Chapter 3. Common Native Grasses of the Northern Midwest
Warm season; Perennial
Characteristics: 3–6’; upright, foliage greenish purple; flowers bronze to beige; upright open; self-seeder
Growing Conditions: average to wet soils; full sun; hardy zones 3–8
Native to the tallgrass prairie, switchgrass is competitive and can be aggressive. It is attractive through every season, even providing winter interest. Some nativars are prone to , others self-sow large amounts of seed. Form and foliage color vary widely between nativars.
- ‘Cloud 9’: upright arching to 6’ or more, equally as wide; plant in the middle of a border with support for the huge 36” flowers.
- ‘Heavy Metal’: upright, dense, thick foliage, 4–5’
- ‘Northwind’: very stiff and upright, wide olive green foliage with flowers borne partially in foliage, good for creating a vegetation screen when planted close together, 5’.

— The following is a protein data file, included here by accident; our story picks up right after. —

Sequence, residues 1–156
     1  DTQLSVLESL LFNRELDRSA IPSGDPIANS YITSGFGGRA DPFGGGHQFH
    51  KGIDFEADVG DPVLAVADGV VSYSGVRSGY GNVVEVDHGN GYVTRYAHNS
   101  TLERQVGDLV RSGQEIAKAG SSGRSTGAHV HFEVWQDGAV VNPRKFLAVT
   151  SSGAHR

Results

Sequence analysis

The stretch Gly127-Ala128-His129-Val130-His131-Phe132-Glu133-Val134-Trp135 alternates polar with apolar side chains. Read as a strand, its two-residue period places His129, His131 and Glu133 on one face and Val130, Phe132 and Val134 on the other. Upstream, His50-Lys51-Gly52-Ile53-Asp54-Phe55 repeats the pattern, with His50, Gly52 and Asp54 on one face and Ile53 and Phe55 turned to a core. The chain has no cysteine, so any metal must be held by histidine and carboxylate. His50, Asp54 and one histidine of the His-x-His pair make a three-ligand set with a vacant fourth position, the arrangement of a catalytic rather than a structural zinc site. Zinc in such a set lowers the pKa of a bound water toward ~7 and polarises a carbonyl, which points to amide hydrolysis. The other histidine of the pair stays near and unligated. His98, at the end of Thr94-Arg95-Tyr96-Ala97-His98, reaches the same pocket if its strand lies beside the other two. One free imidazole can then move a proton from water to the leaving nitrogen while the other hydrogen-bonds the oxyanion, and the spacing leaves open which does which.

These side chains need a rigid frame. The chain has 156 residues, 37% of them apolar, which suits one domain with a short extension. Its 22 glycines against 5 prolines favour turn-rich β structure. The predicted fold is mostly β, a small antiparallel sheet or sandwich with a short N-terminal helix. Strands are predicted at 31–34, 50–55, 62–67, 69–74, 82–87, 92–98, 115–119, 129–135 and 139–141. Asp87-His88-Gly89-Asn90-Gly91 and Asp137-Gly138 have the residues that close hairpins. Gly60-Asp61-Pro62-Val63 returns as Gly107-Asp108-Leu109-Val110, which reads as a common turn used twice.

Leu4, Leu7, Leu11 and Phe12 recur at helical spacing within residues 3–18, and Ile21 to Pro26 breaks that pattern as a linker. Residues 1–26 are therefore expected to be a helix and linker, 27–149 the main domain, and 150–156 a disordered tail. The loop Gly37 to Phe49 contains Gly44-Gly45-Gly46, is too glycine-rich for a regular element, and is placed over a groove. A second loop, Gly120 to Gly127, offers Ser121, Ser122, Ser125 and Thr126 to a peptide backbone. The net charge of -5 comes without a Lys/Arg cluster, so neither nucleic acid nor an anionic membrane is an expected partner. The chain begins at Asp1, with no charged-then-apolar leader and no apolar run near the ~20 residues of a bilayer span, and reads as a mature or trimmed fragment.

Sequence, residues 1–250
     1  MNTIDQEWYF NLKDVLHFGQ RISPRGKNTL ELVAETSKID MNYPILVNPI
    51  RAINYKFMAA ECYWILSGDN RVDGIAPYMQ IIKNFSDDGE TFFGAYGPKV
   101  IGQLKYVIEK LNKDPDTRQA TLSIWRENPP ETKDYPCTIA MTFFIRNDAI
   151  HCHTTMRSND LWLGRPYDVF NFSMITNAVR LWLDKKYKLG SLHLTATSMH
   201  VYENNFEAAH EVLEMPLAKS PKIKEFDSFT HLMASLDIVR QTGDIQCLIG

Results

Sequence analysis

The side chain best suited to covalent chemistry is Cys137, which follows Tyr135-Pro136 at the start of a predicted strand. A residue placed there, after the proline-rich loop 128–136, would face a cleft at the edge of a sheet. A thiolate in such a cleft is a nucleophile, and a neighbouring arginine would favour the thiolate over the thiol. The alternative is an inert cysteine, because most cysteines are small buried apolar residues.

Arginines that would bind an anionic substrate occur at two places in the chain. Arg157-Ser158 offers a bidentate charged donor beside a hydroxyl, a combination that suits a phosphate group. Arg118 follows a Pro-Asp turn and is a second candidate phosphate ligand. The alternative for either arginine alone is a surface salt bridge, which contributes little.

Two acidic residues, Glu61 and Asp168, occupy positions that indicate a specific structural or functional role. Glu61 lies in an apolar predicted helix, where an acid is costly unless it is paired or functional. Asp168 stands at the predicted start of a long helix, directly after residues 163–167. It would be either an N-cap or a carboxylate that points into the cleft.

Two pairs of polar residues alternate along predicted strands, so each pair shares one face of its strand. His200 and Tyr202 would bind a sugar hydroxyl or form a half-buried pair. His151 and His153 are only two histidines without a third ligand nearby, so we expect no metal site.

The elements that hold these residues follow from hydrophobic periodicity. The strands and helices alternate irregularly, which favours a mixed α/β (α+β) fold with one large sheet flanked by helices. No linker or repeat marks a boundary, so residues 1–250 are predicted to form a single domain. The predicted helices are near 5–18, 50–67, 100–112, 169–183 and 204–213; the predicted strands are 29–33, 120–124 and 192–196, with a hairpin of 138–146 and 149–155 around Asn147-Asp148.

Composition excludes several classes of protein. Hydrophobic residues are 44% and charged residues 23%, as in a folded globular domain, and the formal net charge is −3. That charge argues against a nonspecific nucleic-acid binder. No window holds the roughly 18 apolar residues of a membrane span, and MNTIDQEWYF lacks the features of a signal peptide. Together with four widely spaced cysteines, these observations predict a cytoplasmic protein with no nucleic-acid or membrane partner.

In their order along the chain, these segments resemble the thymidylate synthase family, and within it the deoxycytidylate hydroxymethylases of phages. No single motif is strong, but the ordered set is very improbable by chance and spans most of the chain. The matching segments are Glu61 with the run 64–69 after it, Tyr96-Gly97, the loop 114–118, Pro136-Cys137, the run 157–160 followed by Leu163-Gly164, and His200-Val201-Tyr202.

- ‘Prairie Fire’: red and purple tipped foliage, 3.5–4’.
- “Rehbraun’: red tipped foliage and red seeds, red-brown switchgrass, 3–4’.
- ‘Shenandoah’: red and green foliage, 3–4’.
- ‘Thundercloud’: very tall, upright, thick and massive, 6–7’.
Species that use switchgrass according to the literature are the noctuid moth Dichagyris acclivis, the tortricid moth Aethes spartinana, Delaware skipper (Anatrytone logan), the blastobasid moth Blastobasis repartella, pink-streak moth (Faronta rubripennis), Leonard’s skipper (Hesperia leonardus), silvered haimbachia moth (Haimbachia albescens), Texas mocis moth (Mocis texana), stalk borer (Papaipema nebris), and tawny-edged skipper (Polites themistocles).
A displacement of a stem from its upright position.
A cultivar of a native plant.
The order that includes butterflies and moths.